PT&I Trade Commissioner Michael Greenslade led a delegation of eight representatives for the Pacific Islands under the banner of the Pacific Islands Forum Secretariat Trade Office in Auckland.
They were present at Waitangi to observe the welcoming of the anti-drugs Hikoi (march) to the Waitangi Marae.
The Hikoi delivered their anti-drugs message in a relaxed atmosphere – Northland turning on a magnificent hot New Zealand summer day – a brilliant sun shining over the shimmering sapphire blue waters of the bay below.
Methamphetamine has been a topical issue in Northland from the record-breaking 494kg seizure on Ninety Mile Beach last year through to the increasing number of meth-fuelled incidents that have happened in Northland.
Hikoi organisers said that there was a need for some kind of response or action to raise awareness of the issue. The objective of the Hikoi was raising awareness of the negative impact drugs are having on families and to stimulate discussion on what can be done.
The Hikoi consisted of a group of 50 marchers but numbers grew to more than 500 in the final stages. The Hikoi started on February 2nd taking the 5-day journey, walking from Cape Reinga at the tip of the North Island to Waitangi. The Hikoi travelled through Kaitaia, Kaikohe, Kawakawa that culminated with an official welcome at the Waitangi Treaty Grounds on Waitangi Day, February 6th.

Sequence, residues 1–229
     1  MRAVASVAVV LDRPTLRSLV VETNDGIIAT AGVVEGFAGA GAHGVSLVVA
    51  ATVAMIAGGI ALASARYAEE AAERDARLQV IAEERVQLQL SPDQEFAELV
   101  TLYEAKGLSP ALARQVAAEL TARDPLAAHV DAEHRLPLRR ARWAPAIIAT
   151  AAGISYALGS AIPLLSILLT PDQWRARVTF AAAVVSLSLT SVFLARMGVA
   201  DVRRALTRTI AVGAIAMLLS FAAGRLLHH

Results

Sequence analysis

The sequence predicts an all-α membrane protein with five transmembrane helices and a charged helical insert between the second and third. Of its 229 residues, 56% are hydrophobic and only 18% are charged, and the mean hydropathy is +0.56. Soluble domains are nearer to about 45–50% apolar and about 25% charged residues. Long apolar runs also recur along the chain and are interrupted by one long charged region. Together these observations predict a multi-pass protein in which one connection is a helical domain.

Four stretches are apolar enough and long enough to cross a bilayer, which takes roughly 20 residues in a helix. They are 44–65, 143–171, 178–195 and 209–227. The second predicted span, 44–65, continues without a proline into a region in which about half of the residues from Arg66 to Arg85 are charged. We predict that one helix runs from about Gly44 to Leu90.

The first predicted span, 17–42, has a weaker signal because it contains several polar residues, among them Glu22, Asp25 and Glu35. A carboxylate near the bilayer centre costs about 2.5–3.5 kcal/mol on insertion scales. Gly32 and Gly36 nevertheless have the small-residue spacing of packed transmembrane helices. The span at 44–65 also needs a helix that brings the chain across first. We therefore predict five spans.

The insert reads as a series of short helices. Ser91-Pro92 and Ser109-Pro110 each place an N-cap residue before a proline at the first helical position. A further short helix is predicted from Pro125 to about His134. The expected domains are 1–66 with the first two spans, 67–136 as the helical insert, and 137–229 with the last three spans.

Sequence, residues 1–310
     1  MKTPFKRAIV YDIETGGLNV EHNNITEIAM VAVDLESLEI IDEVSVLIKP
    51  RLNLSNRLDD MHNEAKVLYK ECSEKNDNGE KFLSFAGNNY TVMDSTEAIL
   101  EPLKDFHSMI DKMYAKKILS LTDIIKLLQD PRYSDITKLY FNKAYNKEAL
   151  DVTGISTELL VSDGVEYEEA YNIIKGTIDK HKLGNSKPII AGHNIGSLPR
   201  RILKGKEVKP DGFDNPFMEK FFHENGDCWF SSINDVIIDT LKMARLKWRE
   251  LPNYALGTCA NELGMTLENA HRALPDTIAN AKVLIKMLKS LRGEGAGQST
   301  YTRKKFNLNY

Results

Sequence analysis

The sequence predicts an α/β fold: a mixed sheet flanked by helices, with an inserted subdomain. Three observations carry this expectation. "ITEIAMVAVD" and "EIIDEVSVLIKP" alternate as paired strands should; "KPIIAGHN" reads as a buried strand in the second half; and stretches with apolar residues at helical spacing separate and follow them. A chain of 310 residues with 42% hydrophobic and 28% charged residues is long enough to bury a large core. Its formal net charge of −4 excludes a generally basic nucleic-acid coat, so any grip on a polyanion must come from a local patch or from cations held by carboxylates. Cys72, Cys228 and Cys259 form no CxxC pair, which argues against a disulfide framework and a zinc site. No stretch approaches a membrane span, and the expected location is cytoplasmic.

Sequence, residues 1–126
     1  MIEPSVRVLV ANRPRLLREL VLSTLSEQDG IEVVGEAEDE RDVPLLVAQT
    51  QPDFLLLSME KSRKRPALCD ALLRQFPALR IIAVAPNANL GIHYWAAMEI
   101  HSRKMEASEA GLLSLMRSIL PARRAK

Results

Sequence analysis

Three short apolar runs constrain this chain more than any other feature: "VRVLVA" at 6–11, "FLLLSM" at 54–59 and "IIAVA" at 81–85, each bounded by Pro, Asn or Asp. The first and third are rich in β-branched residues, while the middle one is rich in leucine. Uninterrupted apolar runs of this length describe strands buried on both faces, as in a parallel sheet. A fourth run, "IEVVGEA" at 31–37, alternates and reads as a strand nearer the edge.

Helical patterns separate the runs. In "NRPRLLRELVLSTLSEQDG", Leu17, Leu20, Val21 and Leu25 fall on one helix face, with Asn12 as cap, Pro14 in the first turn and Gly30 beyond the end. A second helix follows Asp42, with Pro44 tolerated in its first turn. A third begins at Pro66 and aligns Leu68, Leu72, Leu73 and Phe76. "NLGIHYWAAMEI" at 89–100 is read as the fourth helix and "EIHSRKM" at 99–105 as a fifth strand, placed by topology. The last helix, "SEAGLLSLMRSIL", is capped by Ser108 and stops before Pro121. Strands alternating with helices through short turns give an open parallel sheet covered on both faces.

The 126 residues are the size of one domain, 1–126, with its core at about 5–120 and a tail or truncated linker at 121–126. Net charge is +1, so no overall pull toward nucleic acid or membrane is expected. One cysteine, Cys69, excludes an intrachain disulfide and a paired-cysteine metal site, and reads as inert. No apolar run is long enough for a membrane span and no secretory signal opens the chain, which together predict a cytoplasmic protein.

When the delegation attended the Te Tii Marae on Sunday, Kaumatua spoke about the growing problem drugs and ‘P’ in particular, was having on their communities and young people.
There was strong support from local Mongrel Mob members that this was a dangerous drug for their young people.
The ultimate Economic Development platform is young people and it was pleasing to see this community-wide initiative getting prominence said PT&I Trade Commissioner Michael Greenslade.
A Hikoi organiser, Reti Boynton, said that it was important that everyday people who are living with this problem have an opportunity to speak about what they would like to see happen to tackle the meth problem.
PT&I Trade Development Manager Ian Furlong said the Hikoi organisers and participants are to be congratulated for their important anti-drugs initiative.
“The wonderful thing is they are walking down the road and meeting the people, taking the message directly to the people of Northland.”
Trade Commissioner Michael Greenslade also met and shook hands with Mereia, a representative from the Hikoi who discussed the meth problem they are facing in the community.
For more information please contact: Ian Furlong on firstname.lastname@example.org